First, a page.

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Can 'World's Greatest Deliberative Body' fix broken Washington?

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Regarding the Affordable Care Act (“Obamacare”), the Collins proposal also would delay for two years a tax on medical devices, and it included stronger income verification for those deemed eligible for insurance subsidies under the new law.

Democrats saw that as merely delaying the debt ceiling fight for three months, and they rejected it. But the Collins proposal – at least its major elements – remained a point of discussion as Reid, McConnell, and their top lieutenants reconvened Sunday.

Whatever they eventually come up with – which will then have to be considered by the more-fractious House as the Oct. 17 debt ceiling deadline moves inexorably closer – undoubtedly will impact public opinion moving toward the 2014 mid-term elections.

Historically, job security for lawmakers is unusually high – unusual given the low opinion in which their institution itself is held.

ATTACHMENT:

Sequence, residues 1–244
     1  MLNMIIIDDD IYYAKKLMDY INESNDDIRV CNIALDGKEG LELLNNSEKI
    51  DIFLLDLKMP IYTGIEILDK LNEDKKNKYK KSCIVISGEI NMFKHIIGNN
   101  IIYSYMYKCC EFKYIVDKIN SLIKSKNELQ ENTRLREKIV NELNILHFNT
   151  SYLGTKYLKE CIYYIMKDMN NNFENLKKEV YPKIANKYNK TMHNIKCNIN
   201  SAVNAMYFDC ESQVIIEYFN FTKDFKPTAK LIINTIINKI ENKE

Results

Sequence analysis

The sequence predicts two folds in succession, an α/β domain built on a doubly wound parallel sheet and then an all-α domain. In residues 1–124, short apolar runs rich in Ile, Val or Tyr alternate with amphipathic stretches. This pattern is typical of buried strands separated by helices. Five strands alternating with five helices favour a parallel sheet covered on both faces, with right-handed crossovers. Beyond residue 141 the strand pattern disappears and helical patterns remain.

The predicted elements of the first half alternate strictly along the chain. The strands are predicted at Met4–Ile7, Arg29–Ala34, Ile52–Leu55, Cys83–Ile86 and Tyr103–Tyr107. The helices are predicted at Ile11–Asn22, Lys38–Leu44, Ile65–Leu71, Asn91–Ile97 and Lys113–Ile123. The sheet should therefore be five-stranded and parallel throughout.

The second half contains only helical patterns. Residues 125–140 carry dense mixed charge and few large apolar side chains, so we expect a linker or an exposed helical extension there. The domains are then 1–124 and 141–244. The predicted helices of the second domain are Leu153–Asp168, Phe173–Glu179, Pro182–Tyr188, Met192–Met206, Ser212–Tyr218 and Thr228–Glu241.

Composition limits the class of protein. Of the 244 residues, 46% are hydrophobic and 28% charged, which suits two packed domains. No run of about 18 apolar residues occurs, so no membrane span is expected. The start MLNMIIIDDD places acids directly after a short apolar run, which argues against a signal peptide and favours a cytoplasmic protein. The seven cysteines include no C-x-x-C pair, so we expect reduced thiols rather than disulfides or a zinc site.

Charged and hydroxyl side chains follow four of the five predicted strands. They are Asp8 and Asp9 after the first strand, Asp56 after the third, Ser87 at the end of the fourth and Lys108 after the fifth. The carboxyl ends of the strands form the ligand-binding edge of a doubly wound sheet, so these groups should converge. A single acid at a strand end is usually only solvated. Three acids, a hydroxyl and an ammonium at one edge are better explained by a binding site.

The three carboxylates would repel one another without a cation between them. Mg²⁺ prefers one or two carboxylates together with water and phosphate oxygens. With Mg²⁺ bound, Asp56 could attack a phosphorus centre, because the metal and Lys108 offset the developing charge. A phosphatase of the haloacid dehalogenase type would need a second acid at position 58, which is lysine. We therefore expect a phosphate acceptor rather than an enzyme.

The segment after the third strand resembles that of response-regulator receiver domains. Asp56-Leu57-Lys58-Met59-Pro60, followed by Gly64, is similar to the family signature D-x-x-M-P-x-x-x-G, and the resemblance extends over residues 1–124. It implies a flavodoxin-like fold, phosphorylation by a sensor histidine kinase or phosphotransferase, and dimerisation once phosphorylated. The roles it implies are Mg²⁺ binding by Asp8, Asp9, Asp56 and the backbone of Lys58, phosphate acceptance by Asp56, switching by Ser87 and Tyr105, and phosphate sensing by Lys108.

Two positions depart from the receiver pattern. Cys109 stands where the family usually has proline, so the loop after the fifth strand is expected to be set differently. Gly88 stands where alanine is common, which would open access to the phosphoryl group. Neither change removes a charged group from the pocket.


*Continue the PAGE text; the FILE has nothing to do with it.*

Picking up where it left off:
“In 2012, Congressional approval averaged 15 percent, the lowest in nearly four decades of Gallup polling,” Washington Post political blogger Chris Cillizza noted earlier this year. “And yet, 90 percent of House Members and 91 percent of Senators who sought re-election won last November.”

Could that change in 2014? Gerrymandering, changes in election and campaign law (voting rights and money), and outside influences (money again, plus the tea party) make that hard to answer with any certainty.

And yet a new HuffPost/YouGov poll should be making lawmakers nervous.

“Do you think most members of Congress deserve to be reelected, or not?” 1,000 US adults were asked. Seventy percent said “no,” and only 11 percent said “yes.”

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